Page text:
Magzter is a digital magazines giant that has come from nowhere (well, okay, Asia) to sign Hearst and Newsweek
It’s a cloud-based, cross-platform magazine platform that launched in 2011 and has 7 million users, a number that’s now growing at a rate of 1 million per month. Its reach is largest in Asia and extends into even China and the Middle East, but it also claims 2 million users in the US. It hosts more than 1,5000 magazines from 600 publishers on its platform, and now it is coming at the US with a vengeance.
Today, the company is announcing that it has signed magazine giant Hearst – publisher of ELLE, Cosmopolitan, Esquire, Seventeen, and Marie Claire, among others – which is putting all 21 of its titles into Magzter. The Hearst signing comes on the heels of similar deals with Newsweek, Inc, and Fast Company.
Magzter skirts Apple’s Newsstand by sitting as a separate app but still benefits from the App Store’s subscriptions system thanks to a four-month negotiation with Apple that allowed Magzter to put a firewall between the customer and the app, so it can collect consumer data. That Magzter shares that data is one of its advantages over competitors, such as Zinio and Amazon. It’s also one of the reasons Magzter is able to get away with an almost astronomically high 50/50 revenue split.
Publishers have proven willing to accept that revenue share because they need only to upload their files to Magzter’s cloud-based publishing system and then forget about it – at that point, their work is done. Then Magzter pushes the digital magazines to Android, iOS, and Windows 8. Because their data is stored in the cloud, consumers never lose an issue, even when they switch devices, and they can also read the magazines on the Web at Magzter.com. Meanwhile, publishers also get access to a Magzter dashboard, which provides live analytics on magazine sales, downloads, and about which articles and ads are being read, and for how long.
For now, about 90 percent of the titles on the Magzter are straight PDF replicas of the print editions, but the rest are at least partly interactive. However, the system also supports HTML5 and XML, and it lets publishers insert new ads on the fly. Magzter has also launched a prototpye tool called Mag Fly, a DIY HTML5 engine that integrates with Adobe InDesign and allows publishers to build fully interactive magazines with special features such as slideshows and ecommerce tools. Forbes India is one of the first Mag Fly customers.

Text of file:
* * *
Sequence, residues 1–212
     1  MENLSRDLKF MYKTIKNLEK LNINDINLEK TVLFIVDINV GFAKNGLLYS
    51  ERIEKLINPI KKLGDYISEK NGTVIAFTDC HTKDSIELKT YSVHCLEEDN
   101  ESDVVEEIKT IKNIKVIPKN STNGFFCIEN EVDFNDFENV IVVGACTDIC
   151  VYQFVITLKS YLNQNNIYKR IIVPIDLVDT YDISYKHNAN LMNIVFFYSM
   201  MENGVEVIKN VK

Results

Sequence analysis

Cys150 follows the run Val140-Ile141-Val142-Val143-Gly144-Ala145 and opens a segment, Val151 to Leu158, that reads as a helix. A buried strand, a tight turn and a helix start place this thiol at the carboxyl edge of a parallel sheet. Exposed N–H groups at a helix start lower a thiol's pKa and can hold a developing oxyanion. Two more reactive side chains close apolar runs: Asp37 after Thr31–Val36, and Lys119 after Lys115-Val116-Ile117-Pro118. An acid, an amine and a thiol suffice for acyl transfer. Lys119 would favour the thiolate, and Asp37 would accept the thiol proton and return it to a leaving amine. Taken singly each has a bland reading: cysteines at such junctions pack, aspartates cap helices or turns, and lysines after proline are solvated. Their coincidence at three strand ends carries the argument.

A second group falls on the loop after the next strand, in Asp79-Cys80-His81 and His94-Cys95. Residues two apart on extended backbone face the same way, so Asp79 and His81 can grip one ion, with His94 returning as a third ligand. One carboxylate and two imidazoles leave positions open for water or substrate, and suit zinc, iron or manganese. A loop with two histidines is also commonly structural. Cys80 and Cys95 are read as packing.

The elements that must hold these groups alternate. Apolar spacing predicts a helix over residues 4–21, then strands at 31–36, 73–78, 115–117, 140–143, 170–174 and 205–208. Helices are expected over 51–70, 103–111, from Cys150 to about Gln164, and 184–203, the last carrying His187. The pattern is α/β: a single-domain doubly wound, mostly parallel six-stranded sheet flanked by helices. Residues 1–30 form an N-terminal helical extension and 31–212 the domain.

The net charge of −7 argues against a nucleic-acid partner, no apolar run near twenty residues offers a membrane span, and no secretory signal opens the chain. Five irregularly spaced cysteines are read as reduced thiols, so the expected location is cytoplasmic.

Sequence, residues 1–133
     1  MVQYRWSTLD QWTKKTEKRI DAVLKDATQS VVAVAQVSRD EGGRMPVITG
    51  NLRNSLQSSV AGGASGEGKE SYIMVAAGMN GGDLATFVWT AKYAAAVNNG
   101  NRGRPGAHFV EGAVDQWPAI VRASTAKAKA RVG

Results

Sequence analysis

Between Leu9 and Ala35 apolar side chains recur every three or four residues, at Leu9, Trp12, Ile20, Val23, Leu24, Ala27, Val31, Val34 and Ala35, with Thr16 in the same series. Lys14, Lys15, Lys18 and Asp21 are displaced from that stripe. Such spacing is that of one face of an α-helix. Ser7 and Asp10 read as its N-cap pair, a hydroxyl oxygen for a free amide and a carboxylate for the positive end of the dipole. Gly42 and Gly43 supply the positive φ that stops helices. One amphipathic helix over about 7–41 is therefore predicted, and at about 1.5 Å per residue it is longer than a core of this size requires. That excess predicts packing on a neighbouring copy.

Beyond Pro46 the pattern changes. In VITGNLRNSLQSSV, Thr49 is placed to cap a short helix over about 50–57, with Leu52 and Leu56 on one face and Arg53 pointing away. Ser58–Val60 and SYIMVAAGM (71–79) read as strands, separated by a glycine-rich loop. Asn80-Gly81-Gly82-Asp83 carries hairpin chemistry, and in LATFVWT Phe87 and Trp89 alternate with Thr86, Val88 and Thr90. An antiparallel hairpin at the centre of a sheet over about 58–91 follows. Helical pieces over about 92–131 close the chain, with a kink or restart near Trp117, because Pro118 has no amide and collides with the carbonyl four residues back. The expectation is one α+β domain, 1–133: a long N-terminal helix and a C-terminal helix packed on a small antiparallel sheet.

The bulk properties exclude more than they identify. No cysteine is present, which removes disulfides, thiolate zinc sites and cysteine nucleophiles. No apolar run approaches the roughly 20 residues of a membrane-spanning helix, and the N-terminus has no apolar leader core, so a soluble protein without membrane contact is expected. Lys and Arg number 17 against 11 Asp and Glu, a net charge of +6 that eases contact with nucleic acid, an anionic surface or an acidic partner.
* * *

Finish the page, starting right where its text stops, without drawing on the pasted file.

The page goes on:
Magzter co-founder and president Vijayakumar Radhakrishnan (pictured above left) predicts that within the next year and a half the split between PDF replicas and fully interactive digital magazines will be about 50/50, which is why he sees potential for Mag Fly. “In the next eight to nine months, we see a bright chance for our tool to be used by many other top publishers across the globe,” he says.
Radhakrishnan and his co-founder, Girish Ramdas, are serial entrepreneurs from India who have grown their company to 50 people in the space of two years. The company’s engineering team is based in India, but it also has a presence in New York, London, and Singapore. The startup raised a $3 million Series A round and is now in the process of raising a Series B of about $10 million.
There is considerable fragmentation in the digital magazine market, with publications split between Apple Newsstand, the Kindle Fire, and Zinio, among others. But Radhakrishnan sees that as evidence of opportunity. For example, Maxim magazine has editions on Magzter, Kindle Fire, Zinio, and Newsstand, as well as its own app, he notes. “That shows that the market is wide open.”
Where Magzter might ultimately run into trouble, however, is if magazines decide to move away from bundled versions of their digital products and instead distribute individual stories around the Web. If that does actually happen, however, it could be a long way off.
And now a merry piece of trivia to finish the article: Magzter co-founder Ramdas has won six Indian national gold medals in the sport of rifle shooting and holds a national record for one event. Lesson: You probably don’t want to be in his crosshairs.